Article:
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Gaza 'geeks' find new future in tech startups

While diplomats pledged billions to Gaza’s reconstruction in Cairo, a Gazan entrepreneur was seeking funds for a tech startup accelerator in the Gaza Strip.

CAIRO — Away from the Gaza reconstruction conference and the donor fatigue that dominated its politics, Nalan al-Sarraj presented the work of Gaza Sky Geeks (GSG) to a community of Cairo startups and entrepreneurs.

The Gaza-based startup accelerator drew support as Sarraj asked for financing pledges ahead of a crowdfunding campaign that has yet to kick off. The $350,000 target was dwarfed by the $5.4 billion pledged to Gaza by governments a day before Sarraj took the stage in central Cairo.

Her phone rang with the first pledge two hours after the presentation. Sitting on the steps of what used to be the Greek Campus of the American University in Cairo, now a hub for young entrepreneurs, the 23-year-old showed me photos she took with her phone of the explosions she saw from her balcony in Gaza City.

Israel’s Operation Protective Edge left over 2,100 dead in Gaza and the infrastructure of the blockaded Gaza Strip in shambles. The Palestinian Authority asked for nearly $4 billion to rebuild Gaza.

“I had no idea how I got through. But I thought I had to tell people what was going on. You have no idea how much I believe in social media,” she said.

For the first month of the war, Sarraj helped displaced families using social media to collect donations, coordinate with similar efforts and spread the word about what she was witnessing. Her recollection of that time is dotted with traumatic memories, cushioned with the enthusiasm that marks her work with the entrepreneur community in Gaza.

“They don’t give up,” she said of her colleagues at GSG who worked through the nearby airstrikes rattling their building. “They are crazy about what they do.”

One of these is Mariam Abu Etwey, who won a Gaza startup contest in 2012 for her taxi-calling and ride-sharing app Wasselni. The latest startup contest featured 150 entrepreneurs chosen from 600 applicants.

“We look for tech startups. The main reason we chose this type of startup is what Gaza needs. We are isolated from the world in many ways, and technology is breaking that,” Sarraj said.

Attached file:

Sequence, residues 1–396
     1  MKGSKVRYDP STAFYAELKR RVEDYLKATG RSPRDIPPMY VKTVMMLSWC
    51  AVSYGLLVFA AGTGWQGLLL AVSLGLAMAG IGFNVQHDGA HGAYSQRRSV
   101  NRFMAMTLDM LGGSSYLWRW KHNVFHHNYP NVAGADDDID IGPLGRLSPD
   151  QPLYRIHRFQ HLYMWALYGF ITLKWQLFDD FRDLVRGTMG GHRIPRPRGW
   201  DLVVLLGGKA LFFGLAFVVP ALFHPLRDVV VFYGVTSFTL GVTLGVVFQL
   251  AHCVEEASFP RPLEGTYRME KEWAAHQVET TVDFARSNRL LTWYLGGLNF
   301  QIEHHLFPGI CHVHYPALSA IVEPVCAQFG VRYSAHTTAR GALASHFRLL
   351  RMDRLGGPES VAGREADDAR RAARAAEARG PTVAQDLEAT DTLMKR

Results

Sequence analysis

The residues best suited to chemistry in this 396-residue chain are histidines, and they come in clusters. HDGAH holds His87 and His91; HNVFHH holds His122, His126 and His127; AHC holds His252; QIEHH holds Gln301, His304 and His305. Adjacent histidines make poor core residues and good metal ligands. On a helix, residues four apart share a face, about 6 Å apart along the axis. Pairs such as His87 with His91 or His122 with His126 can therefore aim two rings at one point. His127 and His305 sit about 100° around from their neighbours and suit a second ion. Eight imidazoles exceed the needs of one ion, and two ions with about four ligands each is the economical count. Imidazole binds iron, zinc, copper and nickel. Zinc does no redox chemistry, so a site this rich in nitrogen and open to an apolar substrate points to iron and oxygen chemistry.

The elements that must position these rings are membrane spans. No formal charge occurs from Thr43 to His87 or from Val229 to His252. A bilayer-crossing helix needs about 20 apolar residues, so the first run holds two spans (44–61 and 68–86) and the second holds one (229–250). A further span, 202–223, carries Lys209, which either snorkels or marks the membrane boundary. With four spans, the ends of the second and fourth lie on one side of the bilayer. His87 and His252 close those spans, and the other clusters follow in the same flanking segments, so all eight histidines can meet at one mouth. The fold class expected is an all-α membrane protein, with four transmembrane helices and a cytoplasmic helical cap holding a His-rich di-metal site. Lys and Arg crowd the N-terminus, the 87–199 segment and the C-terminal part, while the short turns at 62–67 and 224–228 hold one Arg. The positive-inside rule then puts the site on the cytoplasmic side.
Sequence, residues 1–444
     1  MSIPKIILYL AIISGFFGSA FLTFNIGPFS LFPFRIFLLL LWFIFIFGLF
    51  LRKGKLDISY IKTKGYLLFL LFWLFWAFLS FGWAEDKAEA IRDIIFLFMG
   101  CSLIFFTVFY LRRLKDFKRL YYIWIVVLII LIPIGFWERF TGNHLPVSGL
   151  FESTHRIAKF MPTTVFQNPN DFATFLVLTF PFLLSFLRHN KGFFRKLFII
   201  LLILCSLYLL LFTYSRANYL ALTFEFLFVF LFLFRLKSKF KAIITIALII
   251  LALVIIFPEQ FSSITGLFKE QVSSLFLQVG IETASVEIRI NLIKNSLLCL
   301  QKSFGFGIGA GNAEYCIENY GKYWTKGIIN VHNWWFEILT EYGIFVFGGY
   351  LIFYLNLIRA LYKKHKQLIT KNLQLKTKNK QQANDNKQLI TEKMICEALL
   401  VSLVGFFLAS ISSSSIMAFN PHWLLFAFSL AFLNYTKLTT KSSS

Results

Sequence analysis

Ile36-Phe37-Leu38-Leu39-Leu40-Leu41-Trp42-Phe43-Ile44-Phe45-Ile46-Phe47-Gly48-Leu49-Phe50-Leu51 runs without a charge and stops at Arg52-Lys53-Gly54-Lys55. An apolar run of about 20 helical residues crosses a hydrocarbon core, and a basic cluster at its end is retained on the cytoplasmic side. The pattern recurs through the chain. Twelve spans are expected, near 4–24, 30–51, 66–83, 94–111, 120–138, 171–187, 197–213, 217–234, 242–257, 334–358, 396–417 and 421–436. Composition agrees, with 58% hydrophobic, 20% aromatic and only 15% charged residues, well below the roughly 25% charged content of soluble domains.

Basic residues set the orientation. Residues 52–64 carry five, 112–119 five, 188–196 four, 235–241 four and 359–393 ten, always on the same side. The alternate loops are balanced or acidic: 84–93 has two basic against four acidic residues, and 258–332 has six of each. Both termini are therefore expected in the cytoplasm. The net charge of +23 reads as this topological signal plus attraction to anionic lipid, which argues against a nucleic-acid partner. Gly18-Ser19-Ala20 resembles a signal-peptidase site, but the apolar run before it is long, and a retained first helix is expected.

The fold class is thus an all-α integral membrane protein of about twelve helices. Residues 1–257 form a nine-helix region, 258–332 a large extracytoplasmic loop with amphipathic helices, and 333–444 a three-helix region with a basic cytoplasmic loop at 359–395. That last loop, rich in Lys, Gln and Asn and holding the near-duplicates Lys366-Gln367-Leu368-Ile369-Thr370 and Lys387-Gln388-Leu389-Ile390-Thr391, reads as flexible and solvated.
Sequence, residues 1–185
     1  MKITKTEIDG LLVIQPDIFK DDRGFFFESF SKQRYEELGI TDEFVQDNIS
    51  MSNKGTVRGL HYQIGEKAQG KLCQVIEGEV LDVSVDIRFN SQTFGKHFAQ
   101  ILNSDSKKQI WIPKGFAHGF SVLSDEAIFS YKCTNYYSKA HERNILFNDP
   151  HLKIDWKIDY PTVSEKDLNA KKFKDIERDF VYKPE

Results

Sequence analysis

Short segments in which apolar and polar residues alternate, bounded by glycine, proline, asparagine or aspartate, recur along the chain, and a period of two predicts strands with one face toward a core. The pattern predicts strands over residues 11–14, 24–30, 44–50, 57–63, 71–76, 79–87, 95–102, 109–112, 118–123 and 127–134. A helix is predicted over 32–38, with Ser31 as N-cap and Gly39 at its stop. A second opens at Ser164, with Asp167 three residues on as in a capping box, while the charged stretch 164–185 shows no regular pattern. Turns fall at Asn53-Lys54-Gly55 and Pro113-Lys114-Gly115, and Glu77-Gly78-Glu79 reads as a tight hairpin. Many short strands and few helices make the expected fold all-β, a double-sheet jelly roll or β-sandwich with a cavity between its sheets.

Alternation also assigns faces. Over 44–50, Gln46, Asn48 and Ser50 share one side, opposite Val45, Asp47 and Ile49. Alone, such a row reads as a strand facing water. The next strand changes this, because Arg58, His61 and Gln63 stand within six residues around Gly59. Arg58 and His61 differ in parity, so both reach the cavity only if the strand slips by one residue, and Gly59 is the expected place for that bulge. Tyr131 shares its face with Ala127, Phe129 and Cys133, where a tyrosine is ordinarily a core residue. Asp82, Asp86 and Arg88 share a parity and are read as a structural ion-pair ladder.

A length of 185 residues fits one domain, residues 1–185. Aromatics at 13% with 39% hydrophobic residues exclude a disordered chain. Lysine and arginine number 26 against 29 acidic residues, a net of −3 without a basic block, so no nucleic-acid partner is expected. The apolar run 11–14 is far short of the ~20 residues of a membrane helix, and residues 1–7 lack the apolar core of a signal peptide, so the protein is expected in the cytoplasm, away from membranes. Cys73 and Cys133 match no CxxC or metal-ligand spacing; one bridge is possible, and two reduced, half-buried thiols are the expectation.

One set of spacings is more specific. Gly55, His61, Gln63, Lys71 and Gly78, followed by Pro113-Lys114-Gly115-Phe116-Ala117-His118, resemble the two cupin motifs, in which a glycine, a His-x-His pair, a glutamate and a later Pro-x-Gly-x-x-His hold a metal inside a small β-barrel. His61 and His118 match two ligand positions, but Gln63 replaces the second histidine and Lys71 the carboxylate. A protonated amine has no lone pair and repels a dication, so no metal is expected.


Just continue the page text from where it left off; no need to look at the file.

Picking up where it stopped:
Sarraj, who helps with GSG’s communications and public relations, has her own startup nurtured by the group: Sammly, an online portal in Arabic connecting graphic designers with potential customers. She fled with her mother and sister a day before the ground invasion reached their neighborhood in August. On their last night, they had to sprint from one side of the border to the other as the airstrikes got closer. Using her mother’s Libyan passport — only foreigners were allowed to cross the border — she entered Egypt and has since connected with its entrepreneurship community. She wants to use her time there to learn so she can take the knowledge back to Gaza and share it with her colleagues.

“What blows me away and why I’m so impressed by the Sky Geeks is that these young people still have access to computers, they still have access to mobile phones to some degree and they have access to each other. And they want to just keep building,” Christopher Schroeder, the author of “Startup Rising: the Entrepreneurship Revolution Remaking the Middle East,” told Al-Monitor. “You have a choice to do nothing, or you can say, I have an interesting idea that can help the community around me. And technology makes it much cheaper and much easier for people to access it.”